It’s not worth spending too much time on any single one of the litany of shifting excuses Republicans have come up with for Donald Trump having top secret classified documents at Mar-a-Lago. There are so many of them and they are so blatantly dishonest, you just can’t get distracted. But every now and then, it’s also worth pausing to say, “Really, guys? That’s what you’re going with?”
So it is with the claim that Trump had declassified all those documents, possibly with the power of his mind and without having told anyone he had done it. Or automatically by having moved them from one location within the White House to another.
John Bolton, briefly Trump’s national security adviser and now a critic of Trump when it serves him to be, pointed out one of the big problems in the declassification claims.
The claim that Trump had a standing order that anything he took from the Oval Office to the White House residence was “almost certainly a lie,” Bolton said, and such an order would have required significant documentation. But it’s not just that:
Former Trump adviser Peter Navarro actually did make the argument that Trump was trying to get those documents out to the public by having declassified them. “The reason why you declassify stuff you don’t need to classify is the American public need to know. It’ll keep us out of wars and it’ll keep our jobs here if you do that,” he told Steve Bannon. Here we are apparently supposed to ignore that Trump didn’t release these documents to the American public. He had them at Mar-a-Lago, where whoever he was showing them to, he wasn’t making them broadly available.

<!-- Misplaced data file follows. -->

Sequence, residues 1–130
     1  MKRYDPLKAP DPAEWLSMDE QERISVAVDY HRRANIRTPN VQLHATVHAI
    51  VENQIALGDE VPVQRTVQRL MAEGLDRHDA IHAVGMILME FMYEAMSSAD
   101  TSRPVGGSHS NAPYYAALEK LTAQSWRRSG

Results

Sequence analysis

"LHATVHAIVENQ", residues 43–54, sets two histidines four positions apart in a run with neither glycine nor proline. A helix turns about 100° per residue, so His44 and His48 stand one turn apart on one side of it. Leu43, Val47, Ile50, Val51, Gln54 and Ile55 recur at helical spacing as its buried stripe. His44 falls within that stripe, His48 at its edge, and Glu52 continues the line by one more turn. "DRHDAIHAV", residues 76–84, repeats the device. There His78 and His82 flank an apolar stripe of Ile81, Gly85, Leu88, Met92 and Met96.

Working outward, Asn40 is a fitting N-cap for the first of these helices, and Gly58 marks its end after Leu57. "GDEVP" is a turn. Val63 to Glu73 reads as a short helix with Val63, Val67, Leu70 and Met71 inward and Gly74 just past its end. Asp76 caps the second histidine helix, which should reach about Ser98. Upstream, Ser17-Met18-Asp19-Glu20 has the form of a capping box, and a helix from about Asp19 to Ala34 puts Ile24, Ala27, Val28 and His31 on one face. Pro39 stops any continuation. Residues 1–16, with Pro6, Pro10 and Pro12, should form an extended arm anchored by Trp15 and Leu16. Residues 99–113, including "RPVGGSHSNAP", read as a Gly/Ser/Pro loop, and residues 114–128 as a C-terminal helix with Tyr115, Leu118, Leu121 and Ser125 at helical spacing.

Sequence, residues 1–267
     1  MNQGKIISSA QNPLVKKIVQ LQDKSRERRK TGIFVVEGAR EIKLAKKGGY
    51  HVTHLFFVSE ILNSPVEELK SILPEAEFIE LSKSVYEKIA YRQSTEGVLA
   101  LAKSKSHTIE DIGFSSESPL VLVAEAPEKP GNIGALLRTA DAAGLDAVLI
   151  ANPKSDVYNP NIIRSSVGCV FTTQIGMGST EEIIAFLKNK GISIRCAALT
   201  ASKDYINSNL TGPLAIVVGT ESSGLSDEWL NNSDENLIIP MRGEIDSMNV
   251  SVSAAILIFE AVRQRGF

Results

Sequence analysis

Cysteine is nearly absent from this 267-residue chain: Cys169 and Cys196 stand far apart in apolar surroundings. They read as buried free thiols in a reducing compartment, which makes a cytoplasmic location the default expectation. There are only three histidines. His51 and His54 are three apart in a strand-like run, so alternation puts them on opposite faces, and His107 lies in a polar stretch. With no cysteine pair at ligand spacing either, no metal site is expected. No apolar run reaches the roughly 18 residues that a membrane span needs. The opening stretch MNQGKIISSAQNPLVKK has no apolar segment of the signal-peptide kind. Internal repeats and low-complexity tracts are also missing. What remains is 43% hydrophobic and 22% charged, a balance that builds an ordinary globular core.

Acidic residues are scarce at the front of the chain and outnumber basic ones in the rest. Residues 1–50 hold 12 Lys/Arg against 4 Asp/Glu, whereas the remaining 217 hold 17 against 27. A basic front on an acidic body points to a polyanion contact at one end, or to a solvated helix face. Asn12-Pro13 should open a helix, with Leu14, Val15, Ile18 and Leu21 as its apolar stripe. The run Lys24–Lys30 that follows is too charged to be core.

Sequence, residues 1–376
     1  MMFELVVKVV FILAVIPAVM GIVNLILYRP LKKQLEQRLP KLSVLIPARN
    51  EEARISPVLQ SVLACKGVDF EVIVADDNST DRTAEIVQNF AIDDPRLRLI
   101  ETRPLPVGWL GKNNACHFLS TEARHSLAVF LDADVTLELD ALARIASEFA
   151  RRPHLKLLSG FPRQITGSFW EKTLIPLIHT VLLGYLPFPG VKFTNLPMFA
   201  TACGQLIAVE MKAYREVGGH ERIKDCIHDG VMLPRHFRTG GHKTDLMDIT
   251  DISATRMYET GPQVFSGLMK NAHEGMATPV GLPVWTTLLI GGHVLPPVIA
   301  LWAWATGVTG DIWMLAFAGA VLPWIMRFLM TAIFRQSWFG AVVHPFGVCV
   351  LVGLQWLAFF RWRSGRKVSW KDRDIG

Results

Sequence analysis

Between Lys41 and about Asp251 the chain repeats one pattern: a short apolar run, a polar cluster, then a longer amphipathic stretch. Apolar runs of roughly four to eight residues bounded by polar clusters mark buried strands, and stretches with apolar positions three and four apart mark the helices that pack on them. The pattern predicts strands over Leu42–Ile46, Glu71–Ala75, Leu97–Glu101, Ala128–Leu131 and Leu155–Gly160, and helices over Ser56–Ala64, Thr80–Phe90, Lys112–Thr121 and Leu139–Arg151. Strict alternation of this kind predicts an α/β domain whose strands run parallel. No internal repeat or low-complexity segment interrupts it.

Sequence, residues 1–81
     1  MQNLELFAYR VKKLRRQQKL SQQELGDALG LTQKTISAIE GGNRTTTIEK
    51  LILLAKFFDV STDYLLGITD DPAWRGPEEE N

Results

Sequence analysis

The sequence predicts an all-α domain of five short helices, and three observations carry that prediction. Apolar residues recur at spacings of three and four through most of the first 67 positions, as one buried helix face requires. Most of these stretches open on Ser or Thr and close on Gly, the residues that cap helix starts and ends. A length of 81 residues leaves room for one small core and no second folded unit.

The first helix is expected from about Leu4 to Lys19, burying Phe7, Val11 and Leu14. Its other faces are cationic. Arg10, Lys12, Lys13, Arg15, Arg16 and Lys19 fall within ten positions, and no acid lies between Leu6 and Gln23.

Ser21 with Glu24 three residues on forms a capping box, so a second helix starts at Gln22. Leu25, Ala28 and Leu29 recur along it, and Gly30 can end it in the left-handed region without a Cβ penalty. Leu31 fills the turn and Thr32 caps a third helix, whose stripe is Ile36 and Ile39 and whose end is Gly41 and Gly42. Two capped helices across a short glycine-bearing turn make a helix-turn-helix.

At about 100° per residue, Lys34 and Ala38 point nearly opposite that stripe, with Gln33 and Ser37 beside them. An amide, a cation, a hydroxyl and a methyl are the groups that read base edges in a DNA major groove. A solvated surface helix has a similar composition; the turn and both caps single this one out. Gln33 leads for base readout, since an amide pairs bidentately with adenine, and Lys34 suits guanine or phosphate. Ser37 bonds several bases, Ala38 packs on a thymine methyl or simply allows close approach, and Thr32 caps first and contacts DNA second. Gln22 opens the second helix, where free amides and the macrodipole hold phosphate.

And, of course, most of the Republicans claiming that Trump declassified the documents would not even pretend to believe they should be publicly available. But anyone who makes that argument needs to be hit with the immediate follow-up: “Do you believe those should be put on the internet and printed in the newspapers for everyone to see?”
Bolton’s follow-up quote in The New York Times is—despite the fact that Bolton is a terrible, evil person—equally accurate: “When somebody begins to concoct lies like this, it shows a real level of desperation.”
And when somebody and their allies concoct well over a dozen lies, excuses, and deflections in less than a week … well, that’s a lot of desperation. What those desperate lies can’t do, though, is change the facts of the matter, and it’s those facts that the FBI and the Justice Department are looking into.
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This is a Creative Commons article. The original version of this article appeared here.